Tuesday to Tuesday
Day 1 – Arrival & Las Bachas
AM: On arrival at Baltra Airport all visitors pay their entrance fee to the Galapagos National Park and get their hand luggage. You will then be met by the Samba's naturalist guide, who will assist you with your luggage collection and accompany you on a short bus ride to the harbor to board the M/Y Samba.
PM: After a light lunch the Samba will navigate for 25 minutes to Las Bachas, organic white sand beaches located on the northern shore of Santa Cruz Island. They are the most important nesting site for the green Pacific sea turtles of the Galapagos. Named Las Bachas after the American military occupation on Baltra during the Second World War, the place is a peaceful a beautiful introduction to the Enchanted Islands. On the shore is easy to encounter marine iguanas, Sally Lightfoot crabs, blue-footed boobies and, in a nearby lagoon, we often find flamingos, black necked stilts and other shore birds. Visitors are welcome to swim or snorkel near the beach.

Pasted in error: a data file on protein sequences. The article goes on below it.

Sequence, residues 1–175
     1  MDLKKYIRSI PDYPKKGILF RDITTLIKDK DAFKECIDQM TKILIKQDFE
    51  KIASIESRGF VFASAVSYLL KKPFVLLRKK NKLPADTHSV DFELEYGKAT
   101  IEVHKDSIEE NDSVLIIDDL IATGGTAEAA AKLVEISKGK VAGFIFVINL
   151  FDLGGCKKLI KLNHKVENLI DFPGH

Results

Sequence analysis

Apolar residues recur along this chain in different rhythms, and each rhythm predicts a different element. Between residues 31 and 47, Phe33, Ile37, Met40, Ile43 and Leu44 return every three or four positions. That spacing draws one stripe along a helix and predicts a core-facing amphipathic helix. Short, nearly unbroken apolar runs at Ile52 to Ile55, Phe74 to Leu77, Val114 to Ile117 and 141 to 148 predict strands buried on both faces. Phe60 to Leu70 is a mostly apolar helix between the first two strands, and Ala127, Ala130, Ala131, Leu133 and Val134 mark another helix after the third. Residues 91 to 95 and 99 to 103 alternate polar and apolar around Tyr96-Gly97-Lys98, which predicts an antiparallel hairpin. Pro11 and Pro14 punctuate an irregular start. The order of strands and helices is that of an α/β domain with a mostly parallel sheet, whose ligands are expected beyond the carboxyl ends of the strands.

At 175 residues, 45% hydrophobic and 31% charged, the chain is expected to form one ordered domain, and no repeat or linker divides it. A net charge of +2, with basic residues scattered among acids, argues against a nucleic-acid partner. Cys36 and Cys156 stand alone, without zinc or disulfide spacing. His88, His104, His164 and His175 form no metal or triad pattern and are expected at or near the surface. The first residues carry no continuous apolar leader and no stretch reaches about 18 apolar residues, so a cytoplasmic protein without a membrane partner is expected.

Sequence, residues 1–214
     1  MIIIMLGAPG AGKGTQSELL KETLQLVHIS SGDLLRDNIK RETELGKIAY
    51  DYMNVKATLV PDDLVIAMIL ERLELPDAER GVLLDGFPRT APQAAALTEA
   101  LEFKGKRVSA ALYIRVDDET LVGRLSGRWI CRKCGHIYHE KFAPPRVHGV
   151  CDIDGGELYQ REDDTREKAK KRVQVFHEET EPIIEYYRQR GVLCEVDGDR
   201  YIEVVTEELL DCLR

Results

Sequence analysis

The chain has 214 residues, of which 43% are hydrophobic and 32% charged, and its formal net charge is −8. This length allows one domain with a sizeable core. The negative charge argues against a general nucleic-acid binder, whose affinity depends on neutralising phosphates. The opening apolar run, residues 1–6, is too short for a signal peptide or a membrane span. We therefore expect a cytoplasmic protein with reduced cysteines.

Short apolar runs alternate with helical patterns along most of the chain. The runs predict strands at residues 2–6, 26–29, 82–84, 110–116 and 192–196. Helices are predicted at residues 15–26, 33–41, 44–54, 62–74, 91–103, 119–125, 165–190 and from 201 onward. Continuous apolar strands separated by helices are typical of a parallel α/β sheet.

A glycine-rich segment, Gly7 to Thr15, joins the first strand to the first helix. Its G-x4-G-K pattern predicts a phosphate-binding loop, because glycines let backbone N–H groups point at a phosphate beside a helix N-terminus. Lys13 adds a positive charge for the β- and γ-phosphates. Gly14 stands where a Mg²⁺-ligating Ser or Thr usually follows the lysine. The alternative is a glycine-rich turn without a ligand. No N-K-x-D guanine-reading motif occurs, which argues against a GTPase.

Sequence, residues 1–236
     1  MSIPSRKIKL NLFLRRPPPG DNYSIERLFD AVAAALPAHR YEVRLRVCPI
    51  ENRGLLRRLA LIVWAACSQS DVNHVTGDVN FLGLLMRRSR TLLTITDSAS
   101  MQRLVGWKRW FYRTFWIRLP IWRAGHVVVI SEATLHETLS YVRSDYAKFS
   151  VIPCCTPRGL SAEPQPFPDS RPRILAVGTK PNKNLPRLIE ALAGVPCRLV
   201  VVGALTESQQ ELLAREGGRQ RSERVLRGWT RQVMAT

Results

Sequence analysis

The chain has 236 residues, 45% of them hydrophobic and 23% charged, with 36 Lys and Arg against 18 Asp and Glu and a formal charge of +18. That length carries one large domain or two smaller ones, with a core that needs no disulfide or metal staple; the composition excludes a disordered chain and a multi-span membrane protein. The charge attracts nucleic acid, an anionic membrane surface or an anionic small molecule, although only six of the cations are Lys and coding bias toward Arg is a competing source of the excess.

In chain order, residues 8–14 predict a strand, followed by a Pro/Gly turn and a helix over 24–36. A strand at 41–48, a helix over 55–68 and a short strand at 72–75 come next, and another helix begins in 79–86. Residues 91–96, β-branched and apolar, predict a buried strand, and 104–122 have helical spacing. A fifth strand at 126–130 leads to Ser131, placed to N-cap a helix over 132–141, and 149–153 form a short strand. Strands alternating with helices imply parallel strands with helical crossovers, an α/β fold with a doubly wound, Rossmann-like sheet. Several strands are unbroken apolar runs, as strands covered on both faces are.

Day 2 – Genovesa
AM: After 6 to 7 hours of navigation from Santa Cruz you will wake up to the beautiful cacophony of one of the largest tropical sea bird colonies on the planet. The cliff-tops are decorated with frigate birds, red-footed boobies, Nazca boobies, swallow tailed gulls, tropic birds and many other pelagic animals. Following a wet landing at Darwin Bay, you will encounter red-footed boobies displaying for potential mates as they collect nesting material and great frigate birds inflating their bright red gulag sacks, hoping to attract a female. Darwin's finches, Galapagos doves and mocking birds stroll the ground to find seeds and insects. The red mangroves, cactus and saltbushes contrast with the blue sky and the dark basaltic walls.